In science there is a principle as basic as gravity: follow the data. Pay attention to what your experiments or experiences tell you, for better or for worse, whether you like the results or not. This fundamental tenet of the scientific method, adherents believe, will lead you to something that can be called truth.
Alan J. Friedman was a physicist by training, one who turned from the laboratory to the museum as a way to help others find their own ways to truth. For 22 years, from 1984 to 2006, he was director of the New York Hall of Science – NYSCI for short – on the old World’s Fair grounds in Queens. He did nothing less than rescue it. When he began, the museum had a staff of five and no visitors. By the time he retired in 2006, it had a staff of 90 and nearly half a million visitors per year.
We know about Dr. Friedman because we do pro bono work for NYSCI (Stuart Fischer is on its board of trustees and the museum is a client of our firm, RLM Finsbury). Personally, we admired his determination to spread science to many young people who otherwise might never have had the means or the opportunity to pursue it. In 1986 he started a program called the Science Career Ladder, an employment and career mentorship program that the museum says has helped more than 3,000 young New Yorkers, most from underserved communities, go to college and on to fruitful careers. The students work at NYSCI as “Explainers.” They interpret exhibits, do demonstrations and talk to visitors about the science behind the museum’s displays. Dr. Friedman reveled in their success.
He was Brooklyn-born, but his soft Southern accent belied that. He was raised in Georgia, studied and taught at Georgia Tech and Florida State, and worked at museums in Paris and Berkeley before coming home to rejuvenate NYSCI. He championed “informal science learning,” the kind that happens in the playground or the exhibit hall instead of the classroom.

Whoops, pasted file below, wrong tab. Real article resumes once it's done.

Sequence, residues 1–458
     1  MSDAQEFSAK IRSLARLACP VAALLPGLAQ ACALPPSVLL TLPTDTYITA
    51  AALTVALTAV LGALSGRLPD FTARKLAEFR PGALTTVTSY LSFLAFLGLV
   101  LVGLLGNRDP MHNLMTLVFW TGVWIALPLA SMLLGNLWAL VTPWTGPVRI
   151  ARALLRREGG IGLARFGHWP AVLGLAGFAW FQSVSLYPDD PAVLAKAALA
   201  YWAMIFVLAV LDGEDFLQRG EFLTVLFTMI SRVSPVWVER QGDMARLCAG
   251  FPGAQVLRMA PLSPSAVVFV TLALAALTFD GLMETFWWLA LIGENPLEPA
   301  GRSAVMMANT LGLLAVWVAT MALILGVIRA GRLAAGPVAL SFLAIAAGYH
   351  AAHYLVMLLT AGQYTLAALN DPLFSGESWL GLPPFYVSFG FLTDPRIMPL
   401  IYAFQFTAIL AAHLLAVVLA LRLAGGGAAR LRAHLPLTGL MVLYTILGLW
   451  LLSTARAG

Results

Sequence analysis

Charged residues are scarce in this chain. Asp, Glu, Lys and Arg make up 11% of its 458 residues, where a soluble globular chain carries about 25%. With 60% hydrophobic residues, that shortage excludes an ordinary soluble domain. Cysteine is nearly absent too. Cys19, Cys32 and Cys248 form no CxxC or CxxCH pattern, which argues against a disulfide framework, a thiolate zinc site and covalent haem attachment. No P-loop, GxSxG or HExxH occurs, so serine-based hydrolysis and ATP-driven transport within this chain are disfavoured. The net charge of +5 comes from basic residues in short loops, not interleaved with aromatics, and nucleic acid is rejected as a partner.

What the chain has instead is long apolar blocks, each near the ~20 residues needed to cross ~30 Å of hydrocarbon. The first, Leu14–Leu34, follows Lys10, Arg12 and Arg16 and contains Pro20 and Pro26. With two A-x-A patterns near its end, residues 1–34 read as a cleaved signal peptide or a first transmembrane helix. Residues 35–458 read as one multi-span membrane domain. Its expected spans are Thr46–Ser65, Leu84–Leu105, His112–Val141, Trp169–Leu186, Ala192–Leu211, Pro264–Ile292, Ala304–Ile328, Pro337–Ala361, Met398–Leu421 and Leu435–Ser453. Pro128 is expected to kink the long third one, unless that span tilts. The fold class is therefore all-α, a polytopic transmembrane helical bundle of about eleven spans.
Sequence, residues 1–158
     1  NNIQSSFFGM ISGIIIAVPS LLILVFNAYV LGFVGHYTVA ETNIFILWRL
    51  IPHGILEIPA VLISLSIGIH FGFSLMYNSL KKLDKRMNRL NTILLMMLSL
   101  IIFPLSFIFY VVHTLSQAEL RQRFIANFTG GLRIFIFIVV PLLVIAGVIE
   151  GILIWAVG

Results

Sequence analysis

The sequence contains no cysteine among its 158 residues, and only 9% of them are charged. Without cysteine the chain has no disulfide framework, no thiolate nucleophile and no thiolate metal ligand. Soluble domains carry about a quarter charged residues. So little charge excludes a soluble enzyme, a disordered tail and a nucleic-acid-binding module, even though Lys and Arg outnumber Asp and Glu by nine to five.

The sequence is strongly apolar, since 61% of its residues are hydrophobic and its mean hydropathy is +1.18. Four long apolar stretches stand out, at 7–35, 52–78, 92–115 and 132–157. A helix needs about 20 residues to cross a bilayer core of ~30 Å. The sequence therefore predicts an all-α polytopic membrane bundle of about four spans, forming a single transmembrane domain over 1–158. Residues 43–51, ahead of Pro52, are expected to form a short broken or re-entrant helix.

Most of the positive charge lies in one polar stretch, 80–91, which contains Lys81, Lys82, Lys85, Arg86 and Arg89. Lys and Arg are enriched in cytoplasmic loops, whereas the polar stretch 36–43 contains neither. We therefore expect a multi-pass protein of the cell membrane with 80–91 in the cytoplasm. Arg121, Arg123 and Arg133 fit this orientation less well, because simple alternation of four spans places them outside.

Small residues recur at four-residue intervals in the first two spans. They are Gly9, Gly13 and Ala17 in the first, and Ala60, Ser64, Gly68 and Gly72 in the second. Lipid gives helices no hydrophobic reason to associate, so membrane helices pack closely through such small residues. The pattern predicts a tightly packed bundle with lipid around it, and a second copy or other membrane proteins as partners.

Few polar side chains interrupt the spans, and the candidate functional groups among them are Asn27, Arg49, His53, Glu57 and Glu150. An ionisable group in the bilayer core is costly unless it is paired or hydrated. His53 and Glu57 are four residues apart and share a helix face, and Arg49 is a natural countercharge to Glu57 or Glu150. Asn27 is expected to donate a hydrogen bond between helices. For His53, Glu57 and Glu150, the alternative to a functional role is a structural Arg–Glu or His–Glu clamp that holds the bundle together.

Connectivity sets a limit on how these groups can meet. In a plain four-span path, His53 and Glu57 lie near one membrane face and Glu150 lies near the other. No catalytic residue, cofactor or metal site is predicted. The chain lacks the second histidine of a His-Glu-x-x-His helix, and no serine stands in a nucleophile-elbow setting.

It was perhaps ironic, then, that he became most visible, not for science but for art. In 1999 the Brooklyn Museum hosted an exhibition called Sensation, and it caused one. One piece in particular, a depiction of the Virgin Mary, seemed designed to disgust, and Rudolph Giuliani, then the mayor of New York, threatened to withhold the $7 million annual funding the museum received from the city. “You don’t have a right to government subsidy for desecrating somebody else’s religion,” he was quoted as saying.
The piece was genuinely offensive to many, and some critics called it a cynical play for attention. Alan Friedman himself wrote, “We are mindful of, and sympathetic to, the sensitivities of the many diverse communities throughout New York City.”
It was not really his battle to fight – he ran a science museum, after all – but he happened at the time to be the head of an association of New York cultural institutions, and so it was thrust upon him. He persuaded more than 30 museum heads to sign a letter to Mr. Giuliani, warning of a “chilling effect on all cultural institutions’ ability to exercise their professional judgment and take the risks inherent in experimentation.” The exhibit remained open. Friends said Dr. Friedman had kept to the scientific creed: follow the data, whether or not you like what you see.
“Your courage in leading the museum directors in defending museums’ intellectual freedom and integrity has long inspired and awed me,” wrote Laura Roberts, a museum director and consultant who knew him for many years. “Thank you for showing us all what was right, even when difficult.”
By now you have probably guessed where this story is going. Alan Friedman died this month of pancreatic cancer. He was 71.
“He nurtured young talent and set the gold standard,” said his friend Seth Dubin, a trustee and former president of NYSCI. “He was a showman and a scholar.”
He was also a physicist with an artist’s soul. A month before he died, he was still at it, urging the bankrupt city of Detroit to hold onto its museum collection. “New York’s parks, botanic gardens and zoos are expensive,” he wrote, “but in the weeks after 9/11 they were filled with people who sought solace with trees, flowers and animals. What’s the dollar value of solace?"
All images courtesy of the New York Hall of Science.